Minimum 10, Maximum 20
  1. ITRC Guidance: Remediation Management of Complex Sites
    Instructors: Elisabeth Hawley, P.E. (Geosyntec Consultants) Mike Truex (Pacific Northwest National Laboratory) John Price (Washington State Department of Ecology)Objective: This course will provide a framework based on adaptive site management principles for remediation management of complex sites. It will also identify and integrate technical and nontechnical challenges into site objectives, remediation approach, and develop a performance based action plan to guide long-term management. This training will interest state and federal regulators at complex sites, environmental professionals, and public and tribal stakeholders.Overview: At some sites, complex site-specific conditions make it difficult to fully remediate

    environmental contamination. Both technical and nontechnical challenges can impede remediation and may prevent a site from achieving federal- and state-mandated regulatory cleanup goals within a reasonable time-frame. For example, technical challenges may include geologic, hydrogeologic, geochemical, and contaminant-related conditions as well as large-scale or surface conditions. In addition, nontechnical challenges may also play a role such as managing changes that occur over long time frames, overlapping regulatory and financial responsibilities between agencies, setting achievable site objectives, maintaining effective institutional controls, redevelopment and changes in land use, and funding considerations. This short course and associated ITRC guidance, Remediation Management of Complex Sites, provide a recommended process for remediation management at complex sites, termed “adaptive site management”. Adaptive site management is a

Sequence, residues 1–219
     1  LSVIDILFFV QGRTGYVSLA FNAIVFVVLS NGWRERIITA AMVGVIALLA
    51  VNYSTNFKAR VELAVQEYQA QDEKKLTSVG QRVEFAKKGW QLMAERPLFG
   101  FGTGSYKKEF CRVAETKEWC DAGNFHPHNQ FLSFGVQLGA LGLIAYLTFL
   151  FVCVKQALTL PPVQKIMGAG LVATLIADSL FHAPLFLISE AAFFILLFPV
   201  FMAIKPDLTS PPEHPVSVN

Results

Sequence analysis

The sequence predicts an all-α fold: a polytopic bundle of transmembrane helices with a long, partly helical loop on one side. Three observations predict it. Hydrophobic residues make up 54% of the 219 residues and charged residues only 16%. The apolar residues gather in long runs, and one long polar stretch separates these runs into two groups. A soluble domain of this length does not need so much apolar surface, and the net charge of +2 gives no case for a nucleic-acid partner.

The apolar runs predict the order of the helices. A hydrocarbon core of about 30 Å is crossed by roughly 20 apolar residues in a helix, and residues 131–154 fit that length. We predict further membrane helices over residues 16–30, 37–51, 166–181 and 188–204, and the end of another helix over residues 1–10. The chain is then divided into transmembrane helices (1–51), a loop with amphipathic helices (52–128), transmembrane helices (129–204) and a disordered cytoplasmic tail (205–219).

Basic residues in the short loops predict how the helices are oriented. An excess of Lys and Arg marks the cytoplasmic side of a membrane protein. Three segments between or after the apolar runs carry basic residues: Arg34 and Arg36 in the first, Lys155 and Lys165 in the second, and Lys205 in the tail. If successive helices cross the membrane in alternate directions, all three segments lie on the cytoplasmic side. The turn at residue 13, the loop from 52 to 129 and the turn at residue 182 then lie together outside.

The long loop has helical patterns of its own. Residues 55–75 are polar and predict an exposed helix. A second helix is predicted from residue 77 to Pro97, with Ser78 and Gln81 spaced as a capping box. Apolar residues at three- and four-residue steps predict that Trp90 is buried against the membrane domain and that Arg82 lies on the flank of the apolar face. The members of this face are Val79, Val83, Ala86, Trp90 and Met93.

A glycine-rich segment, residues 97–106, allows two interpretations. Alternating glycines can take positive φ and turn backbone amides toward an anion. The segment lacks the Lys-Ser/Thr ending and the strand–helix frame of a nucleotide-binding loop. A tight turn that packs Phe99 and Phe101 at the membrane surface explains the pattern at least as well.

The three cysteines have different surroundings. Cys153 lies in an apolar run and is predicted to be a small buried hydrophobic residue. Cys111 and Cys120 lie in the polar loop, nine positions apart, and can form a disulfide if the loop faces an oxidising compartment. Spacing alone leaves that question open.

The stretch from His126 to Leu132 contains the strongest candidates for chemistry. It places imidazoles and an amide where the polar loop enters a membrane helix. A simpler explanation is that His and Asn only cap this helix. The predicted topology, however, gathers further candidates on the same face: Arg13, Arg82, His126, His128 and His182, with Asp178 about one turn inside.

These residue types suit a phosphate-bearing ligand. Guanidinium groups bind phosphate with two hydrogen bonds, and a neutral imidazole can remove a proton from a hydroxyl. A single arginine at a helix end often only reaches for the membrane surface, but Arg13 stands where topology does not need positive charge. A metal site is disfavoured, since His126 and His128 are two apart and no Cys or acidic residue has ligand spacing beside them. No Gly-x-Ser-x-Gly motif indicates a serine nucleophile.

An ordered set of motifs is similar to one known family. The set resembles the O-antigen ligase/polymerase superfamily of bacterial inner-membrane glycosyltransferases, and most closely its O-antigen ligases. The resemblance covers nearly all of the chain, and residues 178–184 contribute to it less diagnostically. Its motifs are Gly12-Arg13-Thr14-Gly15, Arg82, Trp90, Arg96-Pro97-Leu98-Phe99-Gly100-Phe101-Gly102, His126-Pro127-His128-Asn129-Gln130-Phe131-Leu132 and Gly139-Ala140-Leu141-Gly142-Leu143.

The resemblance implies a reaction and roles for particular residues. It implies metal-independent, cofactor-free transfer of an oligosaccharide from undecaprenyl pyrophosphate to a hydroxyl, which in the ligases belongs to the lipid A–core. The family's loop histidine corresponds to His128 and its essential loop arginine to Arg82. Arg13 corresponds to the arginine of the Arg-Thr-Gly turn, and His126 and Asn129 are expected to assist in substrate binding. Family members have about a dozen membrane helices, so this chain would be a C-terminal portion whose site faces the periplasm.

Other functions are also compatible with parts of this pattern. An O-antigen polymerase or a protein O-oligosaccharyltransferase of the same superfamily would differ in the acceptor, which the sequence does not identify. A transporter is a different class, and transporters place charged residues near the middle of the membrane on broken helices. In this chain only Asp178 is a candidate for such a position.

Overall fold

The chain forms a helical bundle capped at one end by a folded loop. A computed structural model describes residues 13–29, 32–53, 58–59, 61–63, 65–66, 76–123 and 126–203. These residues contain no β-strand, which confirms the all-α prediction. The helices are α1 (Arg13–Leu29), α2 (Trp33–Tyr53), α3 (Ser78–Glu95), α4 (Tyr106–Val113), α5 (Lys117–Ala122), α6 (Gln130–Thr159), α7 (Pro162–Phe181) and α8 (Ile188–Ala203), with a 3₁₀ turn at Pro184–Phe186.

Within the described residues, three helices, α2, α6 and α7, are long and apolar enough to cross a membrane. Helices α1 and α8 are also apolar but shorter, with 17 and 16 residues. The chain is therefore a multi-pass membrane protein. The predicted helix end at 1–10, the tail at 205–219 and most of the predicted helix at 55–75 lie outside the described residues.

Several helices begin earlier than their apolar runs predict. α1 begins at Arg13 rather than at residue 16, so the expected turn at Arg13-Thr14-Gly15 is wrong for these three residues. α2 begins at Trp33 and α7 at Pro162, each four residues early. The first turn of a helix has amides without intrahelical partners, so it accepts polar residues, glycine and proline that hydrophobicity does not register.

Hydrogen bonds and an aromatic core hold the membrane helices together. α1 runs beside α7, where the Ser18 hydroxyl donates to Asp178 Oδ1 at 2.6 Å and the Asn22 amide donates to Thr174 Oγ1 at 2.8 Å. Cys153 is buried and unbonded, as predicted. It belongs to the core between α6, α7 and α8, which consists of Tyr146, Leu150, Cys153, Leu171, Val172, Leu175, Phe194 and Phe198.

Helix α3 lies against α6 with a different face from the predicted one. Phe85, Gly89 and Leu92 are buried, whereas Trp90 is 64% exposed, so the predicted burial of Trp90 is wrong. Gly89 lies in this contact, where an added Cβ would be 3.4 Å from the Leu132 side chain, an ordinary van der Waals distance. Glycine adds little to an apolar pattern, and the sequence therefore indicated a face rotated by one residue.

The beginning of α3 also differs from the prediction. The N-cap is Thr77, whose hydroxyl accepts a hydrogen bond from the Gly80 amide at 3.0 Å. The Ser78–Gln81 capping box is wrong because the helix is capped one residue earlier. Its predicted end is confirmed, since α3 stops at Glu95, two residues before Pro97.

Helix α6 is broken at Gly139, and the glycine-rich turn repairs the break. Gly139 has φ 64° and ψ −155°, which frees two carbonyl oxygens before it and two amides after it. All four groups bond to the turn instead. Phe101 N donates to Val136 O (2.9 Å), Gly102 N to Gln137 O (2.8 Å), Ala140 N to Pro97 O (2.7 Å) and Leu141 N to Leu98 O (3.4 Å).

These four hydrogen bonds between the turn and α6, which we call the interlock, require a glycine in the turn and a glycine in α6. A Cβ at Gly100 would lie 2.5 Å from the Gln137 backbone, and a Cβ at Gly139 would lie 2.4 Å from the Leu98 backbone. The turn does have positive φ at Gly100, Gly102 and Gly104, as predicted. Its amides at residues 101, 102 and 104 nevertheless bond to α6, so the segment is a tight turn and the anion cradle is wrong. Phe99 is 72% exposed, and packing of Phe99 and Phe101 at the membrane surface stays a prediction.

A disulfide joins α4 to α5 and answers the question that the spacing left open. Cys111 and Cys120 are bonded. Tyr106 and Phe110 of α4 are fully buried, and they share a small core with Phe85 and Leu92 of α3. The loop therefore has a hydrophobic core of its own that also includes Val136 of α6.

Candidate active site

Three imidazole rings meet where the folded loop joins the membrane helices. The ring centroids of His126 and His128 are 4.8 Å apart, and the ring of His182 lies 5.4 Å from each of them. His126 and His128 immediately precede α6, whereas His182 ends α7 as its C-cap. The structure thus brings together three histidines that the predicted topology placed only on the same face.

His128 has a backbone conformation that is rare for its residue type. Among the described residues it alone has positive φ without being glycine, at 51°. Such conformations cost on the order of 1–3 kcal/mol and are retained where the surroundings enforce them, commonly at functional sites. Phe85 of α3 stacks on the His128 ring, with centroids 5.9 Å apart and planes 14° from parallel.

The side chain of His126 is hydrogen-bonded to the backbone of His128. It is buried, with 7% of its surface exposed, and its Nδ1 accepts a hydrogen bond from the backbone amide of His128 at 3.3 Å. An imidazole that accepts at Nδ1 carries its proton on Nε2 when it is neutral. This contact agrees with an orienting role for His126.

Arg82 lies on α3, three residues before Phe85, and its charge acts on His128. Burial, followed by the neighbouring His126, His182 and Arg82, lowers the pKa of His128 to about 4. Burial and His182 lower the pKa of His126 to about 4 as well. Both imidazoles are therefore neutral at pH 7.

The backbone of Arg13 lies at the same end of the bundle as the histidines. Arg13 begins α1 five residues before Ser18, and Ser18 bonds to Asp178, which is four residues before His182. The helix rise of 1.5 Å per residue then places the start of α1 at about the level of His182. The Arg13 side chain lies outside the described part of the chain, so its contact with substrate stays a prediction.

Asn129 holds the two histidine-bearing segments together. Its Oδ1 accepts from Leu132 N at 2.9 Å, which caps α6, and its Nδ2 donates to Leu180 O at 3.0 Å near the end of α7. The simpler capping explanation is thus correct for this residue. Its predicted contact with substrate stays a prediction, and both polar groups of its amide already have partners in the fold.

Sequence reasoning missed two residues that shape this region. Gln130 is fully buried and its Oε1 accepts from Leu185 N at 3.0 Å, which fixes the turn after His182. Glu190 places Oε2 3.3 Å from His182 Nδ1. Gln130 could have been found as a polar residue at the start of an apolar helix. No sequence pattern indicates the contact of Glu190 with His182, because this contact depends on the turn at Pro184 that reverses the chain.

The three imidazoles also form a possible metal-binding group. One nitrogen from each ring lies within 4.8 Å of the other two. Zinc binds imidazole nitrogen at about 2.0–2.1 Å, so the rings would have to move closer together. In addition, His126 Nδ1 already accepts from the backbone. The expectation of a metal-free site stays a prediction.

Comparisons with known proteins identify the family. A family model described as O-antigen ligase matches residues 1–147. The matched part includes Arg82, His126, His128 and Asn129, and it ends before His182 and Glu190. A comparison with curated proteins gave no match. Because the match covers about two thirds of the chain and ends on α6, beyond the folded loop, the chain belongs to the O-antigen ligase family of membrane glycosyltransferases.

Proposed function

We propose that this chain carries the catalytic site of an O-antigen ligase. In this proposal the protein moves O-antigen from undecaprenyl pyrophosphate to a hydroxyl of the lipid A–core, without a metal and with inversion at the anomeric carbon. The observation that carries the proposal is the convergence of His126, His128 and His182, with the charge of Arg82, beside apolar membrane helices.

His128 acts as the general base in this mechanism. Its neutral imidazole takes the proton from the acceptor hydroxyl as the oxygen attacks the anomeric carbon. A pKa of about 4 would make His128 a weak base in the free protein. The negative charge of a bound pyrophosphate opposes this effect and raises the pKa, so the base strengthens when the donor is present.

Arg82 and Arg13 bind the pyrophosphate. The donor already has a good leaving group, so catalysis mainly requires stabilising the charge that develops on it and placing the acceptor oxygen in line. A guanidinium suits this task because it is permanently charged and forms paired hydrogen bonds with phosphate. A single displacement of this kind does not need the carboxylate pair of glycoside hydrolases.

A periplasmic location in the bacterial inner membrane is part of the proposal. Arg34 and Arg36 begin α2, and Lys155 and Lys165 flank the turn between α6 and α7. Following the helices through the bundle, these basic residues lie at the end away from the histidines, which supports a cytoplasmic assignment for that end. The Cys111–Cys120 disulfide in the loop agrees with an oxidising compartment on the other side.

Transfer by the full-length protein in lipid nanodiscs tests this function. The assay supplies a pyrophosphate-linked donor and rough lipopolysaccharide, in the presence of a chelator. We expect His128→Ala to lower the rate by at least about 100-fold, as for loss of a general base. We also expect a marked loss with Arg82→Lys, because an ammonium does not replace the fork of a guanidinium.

comprehensive, flexible, and iterative process of remediation management that is well-suited for complex sites, where there is significant uncertainty in remedy performance predictions. Adaptive site management includes periodically evaluating and adjusting the remedial approach, which may involve multiple technologies at any one time and changes in technologies over time. Comprehensive planning and scheduled periodic evaluations of remedy performance help decision makers track remedy progress and improve the timeliness of remedy optimization, reevaluations, or transition to other technologies/contingency actions. Participants will learn how to apply the guidance to improve decision making and remediation management at complex sites. The guidance